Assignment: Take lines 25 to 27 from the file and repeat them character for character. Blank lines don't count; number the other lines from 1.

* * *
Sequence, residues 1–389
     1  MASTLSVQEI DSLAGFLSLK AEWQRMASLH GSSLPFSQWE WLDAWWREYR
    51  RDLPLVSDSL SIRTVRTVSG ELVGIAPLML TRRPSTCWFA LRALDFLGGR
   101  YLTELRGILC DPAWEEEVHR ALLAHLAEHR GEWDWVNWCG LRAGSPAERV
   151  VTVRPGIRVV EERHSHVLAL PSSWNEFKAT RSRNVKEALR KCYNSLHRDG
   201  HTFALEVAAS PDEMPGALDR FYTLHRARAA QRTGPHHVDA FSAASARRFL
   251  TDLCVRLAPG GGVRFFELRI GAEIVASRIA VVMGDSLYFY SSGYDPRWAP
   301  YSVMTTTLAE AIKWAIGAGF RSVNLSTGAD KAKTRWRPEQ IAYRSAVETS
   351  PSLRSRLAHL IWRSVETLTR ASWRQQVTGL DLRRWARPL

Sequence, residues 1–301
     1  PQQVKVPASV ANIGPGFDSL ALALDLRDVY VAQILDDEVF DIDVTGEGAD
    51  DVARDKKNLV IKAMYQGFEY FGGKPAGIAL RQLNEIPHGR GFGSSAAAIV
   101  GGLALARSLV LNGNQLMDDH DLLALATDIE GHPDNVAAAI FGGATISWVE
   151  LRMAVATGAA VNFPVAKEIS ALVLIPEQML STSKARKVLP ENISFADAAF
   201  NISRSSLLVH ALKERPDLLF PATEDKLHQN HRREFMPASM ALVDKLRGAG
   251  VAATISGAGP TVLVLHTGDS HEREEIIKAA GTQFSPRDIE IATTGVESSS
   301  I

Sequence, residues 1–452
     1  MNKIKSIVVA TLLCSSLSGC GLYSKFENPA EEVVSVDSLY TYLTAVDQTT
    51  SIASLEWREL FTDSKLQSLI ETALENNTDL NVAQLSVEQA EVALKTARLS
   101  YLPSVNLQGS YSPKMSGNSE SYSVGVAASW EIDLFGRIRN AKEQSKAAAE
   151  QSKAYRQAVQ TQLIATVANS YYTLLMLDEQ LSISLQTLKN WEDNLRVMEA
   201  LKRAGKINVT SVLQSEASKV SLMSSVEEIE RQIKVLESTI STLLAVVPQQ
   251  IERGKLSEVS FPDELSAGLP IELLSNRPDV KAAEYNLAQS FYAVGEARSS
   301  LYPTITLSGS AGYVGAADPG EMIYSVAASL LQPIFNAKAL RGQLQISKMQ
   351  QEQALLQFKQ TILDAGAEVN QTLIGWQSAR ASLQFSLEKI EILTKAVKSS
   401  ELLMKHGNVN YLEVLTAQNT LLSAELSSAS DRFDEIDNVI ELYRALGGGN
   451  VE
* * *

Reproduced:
   301  LYPTITLSGS AGYVGAADPG EMIYSVAASL LQPIFNAKAL RGQLQISKMQ
   351  QEQALLQFKQ TILDAGAEVN QTLIGWQSAR ASLQFSLEKI EILTKAVKSS
   401  ELLMKHGNVN YLEVLTAQNT LLSAELSSAS DRFDEIDNVI ELYRALGGGN